Thursday, July 30, 2015

Balanced Learning is not Blended or Flipped

Haven't been up to one my passionate rants in a long time so buckle up...
Technology has enabled educators to reimagine the  traditional classroom, how students learn and how we facilitate this process, aka teach. Incredible new opportunities to empower students to take more control over their own learning in a "space-time continuum" sort of way. Not to mention providing powerful tools to analyze data to individualize and maximize learning. Are there any buzzwords I omitted!
We have strayed from NCTM'S central message from over 25 years ago:
Technology changes the landscape in a fundamental way but the best source code cannot quite replace the critical dialog and face-to-face interaction that is needed to accomplish the above goal. The spontaneous give-and-take of questions and ideas. Interaction vs interactive...

Oh, Dave, you're so 90s, 80s,70s,... You just don't get it, Dave....
The hexagon/triangle problem in the diagram above can be approached using dynamic software like Geogebra & Desmos. You could develop an extraordinary exploration with carefully crafted questions enabling the student to discover relationships in the figures. I love doing that. I used to do this in the classroom long before it was fashionable. Anyone who follows me knows I'm a techie geek at heart.
BUT I came to realize that there was something missing. If you believe I'm not knowledgeable enough of how these new tools can accomplish the BALANCING I speak of, then challenge my premise! Let the New Math Wars begin...
And I haven't even addressed the myriad of approaches to "solving" this multifaceted geometry problem. Most students/groups will find their own solution paths but it is human nature to CHOOSE THE METHOD THAT FITS YOUR OWN WAY OF THINKING.
To develop the deeper ideas of geometry - symmetry, transformations, dissecting, combining and rearranging pieces of a puzzle, students need to be TAKEN OUT OF THEIR COMFORT ZONE and experience others' ideas and we need to fill in the gaps. That is part of teaching, yes?
And, oh yes, there certainly are algebraic/geometric approaches here with lots of nice formulas like (x²√3)/4...

Tuesday, July 28, 2015

Modeling - What Algebra Looks Like on the New SAT/PSAT and the Common Core

A bear population, P(t), after t yrs,  is modeled by
P(t)=M-k(t-20)², 0≤t≤20.
Initial population:356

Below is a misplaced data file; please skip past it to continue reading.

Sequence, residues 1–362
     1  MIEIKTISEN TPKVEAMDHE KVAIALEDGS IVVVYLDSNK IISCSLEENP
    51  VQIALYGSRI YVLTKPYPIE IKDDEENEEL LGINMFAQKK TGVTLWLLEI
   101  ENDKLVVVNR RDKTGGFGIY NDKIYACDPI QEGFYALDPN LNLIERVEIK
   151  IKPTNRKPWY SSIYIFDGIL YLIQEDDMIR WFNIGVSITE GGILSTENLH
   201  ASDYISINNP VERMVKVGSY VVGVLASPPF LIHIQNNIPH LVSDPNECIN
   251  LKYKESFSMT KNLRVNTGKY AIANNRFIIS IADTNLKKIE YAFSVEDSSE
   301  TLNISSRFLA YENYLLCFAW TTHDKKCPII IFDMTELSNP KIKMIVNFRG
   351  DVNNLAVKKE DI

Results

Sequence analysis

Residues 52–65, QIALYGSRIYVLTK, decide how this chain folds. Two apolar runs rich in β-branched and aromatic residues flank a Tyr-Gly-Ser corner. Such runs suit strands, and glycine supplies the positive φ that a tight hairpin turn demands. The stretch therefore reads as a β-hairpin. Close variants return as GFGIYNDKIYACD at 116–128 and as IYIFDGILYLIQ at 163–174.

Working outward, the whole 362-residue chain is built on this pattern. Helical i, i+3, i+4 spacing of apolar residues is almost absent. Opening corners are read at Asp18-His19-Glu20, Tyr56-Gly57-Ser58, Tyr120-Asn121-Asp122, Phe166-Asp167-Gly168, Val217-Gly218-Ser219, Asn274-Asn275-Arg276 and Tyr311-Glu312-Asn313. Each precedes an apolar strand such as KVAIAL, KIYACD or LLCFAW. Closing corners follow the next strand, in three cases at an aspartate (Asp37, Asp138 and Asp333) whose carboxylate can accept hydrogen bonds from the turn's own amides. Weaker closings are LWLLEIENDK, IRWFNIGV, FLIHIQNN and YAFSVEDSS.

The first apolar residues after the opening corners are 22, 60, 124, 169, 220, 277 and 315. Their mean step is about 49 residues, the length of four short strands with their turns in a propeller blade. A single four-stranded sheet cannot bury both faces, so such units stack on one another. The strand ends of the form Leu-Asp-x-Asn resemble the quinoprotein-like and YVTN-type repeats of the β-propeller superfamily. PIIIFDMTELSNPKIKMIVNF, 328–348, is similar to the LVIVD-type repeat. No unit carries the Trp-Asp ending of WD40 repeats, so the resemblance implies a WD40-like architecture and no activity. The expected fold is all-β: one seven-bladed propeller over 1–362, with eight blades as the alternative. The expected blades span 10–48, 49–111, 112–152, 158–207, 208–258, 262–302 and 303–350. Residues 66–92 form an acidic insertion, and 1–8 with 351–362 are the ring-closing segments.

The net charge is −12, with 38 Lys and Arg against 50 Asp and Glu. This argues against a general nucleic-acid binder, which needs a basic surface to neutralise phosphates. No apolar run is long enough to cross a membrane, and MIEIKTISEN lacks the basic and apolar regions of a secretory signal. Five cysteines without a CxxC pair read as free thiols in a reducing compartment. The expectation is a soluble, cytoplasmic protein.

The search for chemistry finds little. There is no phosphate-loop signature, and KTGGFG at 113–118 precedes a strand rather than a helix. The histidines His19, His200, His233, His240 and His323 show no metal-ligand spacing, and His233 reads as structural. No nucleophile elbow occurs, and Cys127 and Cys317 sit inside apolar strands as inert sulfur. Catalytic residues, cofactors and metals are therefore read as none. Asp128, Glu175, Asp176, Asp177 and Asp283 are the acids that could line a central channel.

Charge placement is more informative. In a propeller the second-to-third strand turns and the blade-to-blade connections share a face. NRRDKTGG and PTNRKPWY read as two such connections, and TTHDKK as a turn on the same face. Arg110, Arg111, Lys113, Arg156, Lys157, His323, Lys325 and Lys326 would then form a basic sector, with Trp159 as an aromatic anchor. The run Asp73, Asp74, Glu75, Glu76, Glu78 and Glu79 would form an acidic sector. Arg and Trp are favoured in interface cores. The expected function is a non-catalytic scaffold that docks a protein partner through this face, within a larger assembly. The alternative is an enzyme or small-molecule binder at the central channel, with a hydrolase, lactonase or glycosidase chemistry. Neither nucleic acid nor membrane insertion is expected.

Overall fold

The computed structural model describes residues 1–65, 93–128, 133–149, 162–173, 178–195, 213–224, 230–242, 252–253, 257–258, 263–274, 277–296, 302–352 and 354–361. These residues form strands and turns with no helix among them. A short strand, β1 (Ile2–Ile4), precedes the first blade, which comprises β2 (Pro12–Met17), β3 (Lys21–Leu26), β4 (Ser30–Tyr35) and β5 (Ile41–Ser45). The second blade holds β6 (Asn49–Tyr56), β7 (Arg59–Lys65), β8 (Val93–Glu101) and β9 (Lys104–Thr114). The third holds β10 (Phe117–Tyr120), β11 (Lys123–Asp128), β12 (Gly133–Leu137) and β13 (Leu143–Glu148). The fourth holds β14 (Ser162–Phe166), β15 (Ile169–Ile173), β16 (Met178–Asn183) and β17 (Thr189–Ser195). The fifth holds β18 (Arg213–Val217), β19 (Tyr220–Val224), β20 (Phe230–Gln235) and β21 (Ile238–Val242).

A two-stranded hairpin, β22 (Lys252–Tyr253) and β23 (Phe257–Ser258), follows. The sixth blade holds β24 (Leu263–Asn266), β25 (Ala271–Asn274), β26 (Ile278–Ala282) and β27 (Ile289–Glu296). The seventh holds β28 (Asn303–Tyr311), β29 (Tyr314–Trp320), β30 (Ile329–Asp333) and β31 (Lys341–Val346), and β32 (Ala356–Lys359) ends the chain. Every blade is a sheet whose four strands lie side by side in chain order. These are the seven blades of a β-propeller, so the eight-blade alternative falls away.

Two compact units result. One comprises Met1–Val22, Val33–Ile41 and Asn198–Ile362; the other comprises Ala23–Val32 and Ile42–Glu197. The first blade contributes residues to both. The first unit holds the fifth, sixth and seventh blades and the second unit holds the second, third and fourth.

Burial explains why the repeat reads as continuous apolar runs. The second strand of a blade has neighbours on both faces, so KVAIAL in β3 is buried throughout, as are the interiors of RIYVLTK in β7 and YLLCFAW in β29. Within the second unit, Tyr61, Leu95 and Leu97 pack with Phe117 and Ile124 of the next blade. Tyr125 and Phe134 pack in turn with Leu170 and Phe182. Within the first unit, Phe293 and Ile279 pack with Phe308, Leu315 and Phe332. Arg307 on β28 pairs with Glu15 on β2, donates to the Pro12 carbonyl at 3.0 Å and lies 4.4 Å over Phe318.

Max pop'n:500
Estimated population after 10 yrs?
Answer: 464
Is this the "new" algebra? Students given a function with PARAMETERS which "models" real world data? Questions like this have appeared on SATs for a few years now and, based on the sample new SAT/PSATs released by the College Board, they will become even more common. Students will be asked to analyze the function and use it in application.
The Common Core also emphasizes algebra models - "using" algebra to solve applied problems.
Middle and secondary math educators are not surprised by any of this as these changes have been around for a while but textbooks may need to include even more examples and homework problems of this type.
The real challenge, IMO, is to find that proverbial BALANCE between traditional algebra skills and  applications.
How much knowledge of quadratic functions is needed for this question? Will most students relate the form of the model to f(x) = a(x-h)²+k? Will they immediately recognize that M must be 500 since (20,500) is the vertex or maximum point? Try it and let me know!
Students should be allowed to explore this function using powerful software like Desmos and Geogebra. Sliders in Desmos allow for considerable analysis when parameters like M and k are given. 
BUT they also need to develop a fundamental knowledge of quadratic functions.
A key question for me is:
Should some background be developed BEFORE exploring with technology or AFTER or something in between?
I included a screenshot from Desmos for the bear population problem but this does NOT show how to IMPLEMENT this powerful tool in the classroom. I'll leave that for the real experts like John Golden! (@mathhombre).